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Current position of the SSV Robert C. Seamans. Click on the vessel to view position history. Use the tools, top right, to change the map style or view data layers.

SEA Currents: SSV Robert C. Seamans


Mar

07

S251 Weblog 07 March 2014

Mary Malloy, Ph.D, Professor of Maritime Studies
pic

The Seamans is a “scholar ship” as students work on papers in the main salon on a rainy day at anchor in the lagoon at Mangareva. L to r: Anna, Margaret, Brianna, Lauren, Jill, Zoé, Charlotte.

Ship's Log

Current Position
21° 56’’S x 136° 29’’W
Course and Speed
Toward Hao Atoll with Alacrity
Weather
Clear starry sky after a magnificent rainbow

Having just a bit more than a week left in our voyage, thoughts on the ship have seriously turned to writing papers.  If your first reaction is that this must be the boring part of the trip, after our exploits as sailors and adventurers have been so well described in this blog, I’‘m here to argue that our role as scholars gives a deeper meaning to the whole experience.  We began ashore in Woods Hole thinking about issues of sustainability and those ideas have informed our actions and inquiries throughout the trip.  In each place we stopped we met for an hour or two with the local mayor, and spoke with fishermen, farmers, artists, policy makers, teachers, students, old people and little kids.  We asked about water and energy use, the impact of invasive species, the changing uses of traditional boats, the cargo that gets carried into and out of islands, the modification of local diets with the introduction of processed foods, the effects of tourism, and the role of colonial politics.  None of this would have been possible without the extraordinary efforts of my colleague Moohono Niva, who has mined his extensive contacts on behalf of our students, made repeated calls to town halls, acted as our translator in French, Tahitian and Marquesan, and imparted his own knowledge as an archaeologist and cultural expert.

All of the students are registered in five courses: Maritime History and Culture (MHC), Marine Environmental History (MEH), Oceanography, Nautical Science, and Maritime Studies.  As I don’’t teach Nautical Science or Oceanography, I’’m not going to explain them here, beyond acknowledging that much of our shipboard program is dedicated to the hands-on teaching of those subjects, and they have been discussed in previous blogs.  In Maritime Studies we had a common core of readings, from the journal of David Porter, who commanded the US Frigate Essex to the Pacific in 1812 and made extensive descriptions of the island of Nuku Hiva, to Breadfruit, a novel by the contemporary Tahitian writer Celestine Vaite.  We also read traditional Polynesian narratives, and essays on culture and colonialism.  We have had several discussions of these works, starting in Woods Hole and continuing into our morning Maritime Studies classes on the ship.  Students are in the process of tying the readings, discussions and their own observations in Polynesia together into a paper for the course.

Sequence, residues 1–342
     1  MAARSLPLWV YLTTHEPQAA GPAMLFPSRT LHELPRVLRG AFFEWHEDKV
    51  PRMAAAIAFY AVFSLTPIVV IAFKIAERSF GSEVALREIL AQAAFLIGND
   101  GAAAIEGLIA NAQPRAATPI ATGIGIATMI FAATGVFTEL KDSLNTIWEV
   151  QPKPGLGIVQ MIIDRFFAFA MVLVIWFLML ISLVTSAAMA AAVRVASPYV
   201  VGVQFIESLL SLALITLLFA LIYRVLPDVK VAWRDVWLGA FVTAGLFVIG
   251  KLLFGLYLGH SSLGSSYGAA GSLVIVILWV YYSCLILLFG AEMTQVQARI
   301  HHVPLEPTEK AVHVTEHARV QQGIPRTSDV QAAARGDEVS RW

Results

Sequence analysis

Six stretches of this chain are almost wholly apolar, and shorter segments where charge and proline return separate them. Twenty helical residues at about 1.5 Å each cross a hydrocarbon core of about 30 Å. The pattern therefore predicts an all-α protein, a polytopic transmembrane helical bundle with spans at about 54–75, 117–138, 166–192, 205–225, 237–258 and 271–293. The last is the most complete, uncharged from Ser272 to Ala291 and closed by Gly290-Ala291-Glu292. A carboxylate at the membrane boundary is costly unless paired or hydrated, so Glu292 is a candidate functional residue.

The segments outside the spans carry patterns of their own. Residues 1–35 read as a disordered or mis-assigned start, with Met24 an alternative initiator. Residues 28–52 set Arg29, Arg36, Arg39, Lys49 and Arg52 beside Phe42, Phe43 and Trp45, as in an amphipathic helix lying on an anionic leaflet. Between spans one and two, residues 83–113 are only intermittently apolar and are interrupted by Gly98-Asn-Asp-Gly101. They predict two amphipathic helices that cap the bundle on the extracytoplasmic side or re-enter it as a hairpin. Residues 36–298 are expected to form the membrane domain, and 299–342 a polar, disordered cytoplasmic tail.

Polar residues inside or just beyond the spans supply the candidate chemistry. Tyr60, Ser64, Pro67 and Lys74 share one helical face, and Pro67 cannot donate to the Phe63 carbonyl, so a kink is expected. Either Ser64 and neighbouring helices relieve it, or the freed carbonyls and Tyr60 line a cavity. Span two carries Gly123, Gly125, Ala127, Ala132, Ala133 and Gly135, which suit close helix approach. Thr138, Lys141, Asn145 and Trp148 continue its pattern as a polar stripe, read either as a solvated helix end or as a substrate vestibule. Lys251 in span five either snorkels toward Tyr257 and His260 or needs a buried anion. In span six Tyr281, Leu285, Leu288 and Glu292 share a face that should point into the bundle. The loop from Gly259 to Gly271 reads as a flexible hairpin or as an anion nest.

MHC and MEH are interdisciplinary courses team-taught by the whole faculty, and the papers for these courses are the most important ones to acknowledge to our blogging public, because we plan to make them available for you to read through our web-based SPICE Atlas. Because we are publishing them online, these papers go through a rigorous process of two drafts and revisions, and each student is responsible not only for writing a research paper for each course, but for reading and commenting on four papers written by classmates.  While this is hard work, it allows the broadest possible sharing of research on a wide range of topics.  When we return to Tahiti, each student will give an oral report on her or his two projects as well.

(You can visit our current SPICE Atlas, with essays from previous classes, at http://www.sea.edu/spice_atlas.  Watch for updates with entries from this class in the summer.)

We’’re not done yet!  We still have one more week on the ship and an additional week in Tahiti, where our conclusions will continue to be challenged and we will persist with the necessary documentation of what we are learning.

I just want to add that working with this particular group of students has been wonderfully rewarding.  In communities on shore they have been invariably curious, friendly and polite.  They are not afraid to ask hard questions and have followed up with thoughtful discussions and intelligent commentary.  Several people along our route have told me how impressive our students are—as humans and as “brains.”  The papers will tell the whole story!

- Mary

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